This was the front page story in The Lancet on July 11th 1835. It’s a glorious case, but I think my favourite thing about it is the inclusion of the word ‘abnormal’ in the headline: can you imagine such an emission of milk ever being ‘normal’? It was reported by a Swiss medic, a Dr Koller:
H.V., 21 years of age, had enjoyed good health up to the age of 15, when he began to complain of some feverish symptoms. A few days afterwards the left lower extremity presented an eruption of small, slightly elevated red spots, occasioning burning heat and pain in the skin: these symptoms soon disappeared, but the foot began to swell, and the lower extremity became tumefied and soon acquired double its natural volume. The general health of the patient was now in no way influenced by the disease. The tumefaction emptied itself from time to time by two small orifices below Poupart’s ligament, giving exit to a white transparent viscid fluid, in greater or less quantity.
Poupart’s ligament (the inguinal ligament) is in the groin. The ‘tumour’ seems to have been a collection of fluid rather than a tissue growth. Possible causes of such a symptom might include infection or organ failure – but there may be others.
As the tumour diminished the exanthema reappeared.
Now more often referred to as an ‘exanthem’, meaning a rash.
The patient passed three years in this state, which was not altered by the various remedies employed. At this period the genital organs, always little developed and extremely small, began to develop themselves in a sudden and extraordinary manner; the scrotum especially became very large; the external surface of this part was soon covered with a number of small vesicles [pimples], which opened, and discharged a great quantity of milky fluid: when the scrotum was compressed, a quantity of the same fluid issued through the two small pores we have noticed, below Poupart’s ligament on the inner sides of the thigh.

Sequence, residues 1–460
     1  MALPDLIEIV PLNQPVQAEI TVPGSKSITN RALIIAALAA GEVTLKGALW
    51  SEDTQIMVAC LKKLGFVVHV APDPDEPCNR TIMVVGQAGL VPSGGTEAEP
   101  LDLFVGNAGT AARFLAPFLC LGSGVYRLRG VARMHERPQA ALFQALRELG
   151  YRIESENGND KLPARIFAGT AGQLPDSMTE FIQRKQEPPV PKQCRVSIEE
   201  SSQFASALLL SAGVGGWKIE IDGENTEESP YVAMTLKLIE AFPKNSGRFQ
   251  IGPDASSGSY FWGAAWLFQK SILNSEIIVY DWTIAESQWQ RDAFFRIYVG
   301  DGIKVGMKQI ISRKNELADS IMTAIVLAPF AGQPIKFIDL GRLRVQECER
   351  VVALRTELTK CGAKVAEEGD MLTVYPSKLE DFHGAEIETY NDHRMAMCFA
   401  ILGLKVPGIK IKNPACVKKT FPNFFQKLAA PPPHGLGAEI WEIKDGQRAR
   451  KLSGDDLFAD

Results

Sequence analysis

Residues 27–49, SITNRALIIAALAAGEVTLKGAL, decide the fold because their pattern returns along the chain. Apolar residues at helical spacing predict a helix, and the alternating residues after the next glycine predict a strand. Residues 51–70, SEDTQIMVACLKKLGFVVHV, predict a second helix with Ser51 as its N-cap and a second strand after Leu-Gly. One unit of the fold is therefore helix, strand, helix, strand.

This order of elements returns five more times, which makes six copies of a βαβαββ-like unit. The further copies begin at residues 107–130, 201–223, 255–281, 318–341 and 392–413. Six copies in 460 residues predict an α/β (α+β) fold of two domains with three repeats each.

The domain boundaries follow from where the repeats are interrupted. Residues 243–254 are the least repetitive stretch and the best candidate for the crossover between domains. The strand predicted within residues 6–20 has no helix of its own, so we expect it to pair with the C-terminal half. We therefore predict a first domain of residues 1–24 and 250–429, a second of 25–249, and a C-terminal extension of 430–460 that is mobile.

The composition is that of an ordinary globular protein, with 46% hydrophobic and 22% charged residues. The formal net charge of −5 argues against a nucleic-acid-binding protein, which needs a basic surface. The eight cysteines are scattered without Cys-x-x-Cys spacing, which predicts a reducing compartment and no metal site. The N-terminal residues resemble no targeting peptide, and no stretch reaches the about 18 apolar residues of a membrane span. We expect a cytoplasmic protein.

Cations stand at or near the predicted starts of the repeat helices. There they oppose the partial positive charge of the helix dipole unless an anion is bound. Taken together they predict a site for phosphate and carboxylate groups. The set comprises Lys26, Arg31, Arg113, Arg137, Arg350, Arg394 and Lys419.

Very strange indeed.
This secretion, though generally of a nature completely milky, sometimes presented an aspect slightly serous.
Serous = transparent or straw-coloured fluid. Usually regarded as a good sign, in contrast with pus and other coloured fluids which can indicate infection.
The tumor continued to enlarge, although the secretion was not constant, periodically, every three or four weeks. There were now pains in the groin and loins, darting to the scrotum, and when the patient assumed the upright posture, about two or three pounds of the milky fluid came away.
That’s about two pints of the stuff being squeezed out when he stood up!
Since the commencement of the disease in the scrotum, the ulcer of the leg had closed, and the tumefaction of the extremity much diminished. On the 23rd of August, 1813, the patient was admitted into the hospital at Zurich. The scrotum was now tumefied, and to the touch gave the sensation of a female breast; the skin of the penis was tumefied; the colour of the parts was more deep than natural; the corpora cavernosa were small, and retracted towards the pubis…
The corpora cavernosa are the spongy erectile tissue inside the penis.
…the testicles were also very small, and drawn up to the rings; the larynx was little prominent, but the voice was not feminine; the beard and the hairs on the pubis were delicate and few; the right extremity was a little larger than the left.
These observations indicate that the doctor suspected some sort of developmental disorder which had impaired the patient’s sexual development – what might be recognised today as an endocrine (hormonal) disorder.
During the patient’s stay at the hospital, the secretion of milk took place several times. Thus, about the 26th of August, the usual precursory symptoms appeared, and more than three pounds of milk were discharged. On the 30th, there was a new access of fever, and an appearance of the exanthema on the right thigh. On the 11th of September, a fresh discharge of about half a pint of fluid took place, not presenting the same white colour or consistence of the former, and giving out a little the odour of semen.